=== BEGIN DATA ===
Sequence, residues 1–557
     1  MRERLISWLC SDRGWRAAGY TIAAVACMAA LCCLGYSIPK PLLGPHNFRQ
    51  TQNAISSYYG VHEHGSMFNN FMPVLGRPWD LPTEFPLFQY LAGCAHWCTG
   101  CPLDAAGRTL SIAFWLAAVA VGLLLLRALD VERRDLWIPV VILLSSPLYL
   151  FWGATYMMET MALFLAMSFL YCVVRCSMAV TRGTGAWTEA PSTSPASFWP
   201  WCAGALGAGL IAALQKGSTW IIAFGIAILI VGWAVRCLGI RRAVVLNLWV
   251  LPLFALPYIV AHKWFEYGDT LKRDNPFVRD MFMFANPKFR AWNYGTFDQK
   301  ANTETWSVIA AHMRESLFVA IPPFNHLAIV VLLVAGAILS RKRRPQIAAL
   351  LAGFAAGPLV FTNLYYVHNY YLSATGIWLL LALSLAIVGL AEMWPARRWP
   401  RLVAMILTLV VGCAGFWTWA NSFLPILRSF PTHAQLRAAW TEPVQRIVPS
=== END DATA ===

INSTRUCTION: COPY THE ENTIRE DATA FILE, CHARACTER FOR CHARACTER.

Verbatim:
Sequence, residues 1–557
     1  MRERLISWLC SDRGWRAAGY TIAAVACMAA LCCLGYSIPK PLLGPHNFRQ
    51  TQNAISSYYG VHEHGSMFNN FMPVLGRPWD LPTEFPLFQY LAGCAHWCTG
   101  CPLDAAGRTL SIAFWLAAVA VGLLLLRALD VERRDLWIPV VILLSSPLYL
   151  FWGATYMMET MALFLAMSFL YCVVRCSMAV TRGTGAWTEA PSTSPASFWP
   201  WCAGALGAGL IAALQKGSTW IIAFGIAILI VGWAVRCLGI RRAVVLNLWV
   251  LPLFALPYIV AHKWFEYGDT LKRDNPFVRD MFMFANPKFR AWNYGTFDQK
   301  ANTETWSVIA AHMRESLFVA IPPFNHLAIV VLLVAGAILS RKRRPQIAAL
   351  LAGFAAGPLV FTNLYYVHNY YLSATGIWLL LALSLAIVGL AEMWPARRWP
   401  RLVAMILTLV VGCAGFWTWA NSFLPILRSF PTHAQLRAAW TEPVQRIVPS